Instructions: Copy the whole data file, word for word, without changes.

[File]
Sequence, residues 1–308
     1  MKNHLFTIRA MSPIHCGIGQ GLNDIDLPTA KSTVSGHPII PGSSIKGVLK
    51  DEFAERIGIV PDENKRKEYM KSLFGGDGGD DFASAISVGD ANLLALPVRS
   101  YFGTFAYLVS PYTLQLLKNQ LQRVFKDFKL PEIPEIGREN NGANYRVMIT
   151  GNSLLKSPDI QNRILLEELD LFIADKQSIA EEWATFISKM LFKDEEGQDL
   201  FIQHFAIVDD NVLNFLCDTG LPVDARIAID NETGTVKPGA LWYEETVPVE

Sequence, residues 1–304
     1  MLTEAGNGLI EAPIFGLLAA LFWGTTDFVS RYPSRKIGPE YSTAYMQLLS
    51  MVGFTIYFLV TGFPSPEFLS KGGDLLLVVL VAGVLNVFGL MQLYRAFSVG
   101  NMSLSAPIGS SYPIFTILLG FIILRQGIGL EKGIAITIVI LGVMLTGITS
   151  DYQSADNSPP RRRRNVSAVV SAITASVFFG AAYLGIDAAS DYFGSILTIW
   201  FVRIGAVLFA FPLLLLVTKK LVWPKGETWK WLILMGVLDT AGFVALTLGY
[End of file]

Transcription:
Sequence, residues 1–308
     1  MKNHLFTIRA MSPIHCGIGQ GLNDIDLPTA KSTVSGHPII PGSSIKGVLK
    51  DEFAERIGIV PDENKRKEYM KSLFGGDGGD DFASAISVGD ANLLALPVRS
   101  YFGTFAYLVS PYTLQLLKNQ LQRVFKDFKL PEIPEIGREN NGANYRVMIT
   151  GNSLLKSPDI QNRILLEELD LFIADKQSIA EEWATFISKM LFKDEEGQDL
   201  FIQHFAIVDD NVLNFLCDTG LPVDARIAID NETGTVKPGA LWYEETVPVE

Sequence, residues 1–304
     1  MLTEAGNGLI EAPIFGLLAA LFWGTTDFVS RYPSRKIGPE YSTAYMQLLS
    51  MVGFTIYFLV TGFPSPEFLS KGGDLLLVVL VAGVLNVFGL MQLYRAFSVG
   101  NMSLSAPIGS SYPIFTILLG FIILRQGIGL EKGIAITIVI LGVMLTGITS
   151  DYQSADNSPP RRRRNVSAVV SAITASVFFG AAYLGIDAAS DYFGSILTIW
   201  FVRIGAVLFA FPLLLLVTKK LVWPKGETWK WLILMGVLDT AGFVALTLGY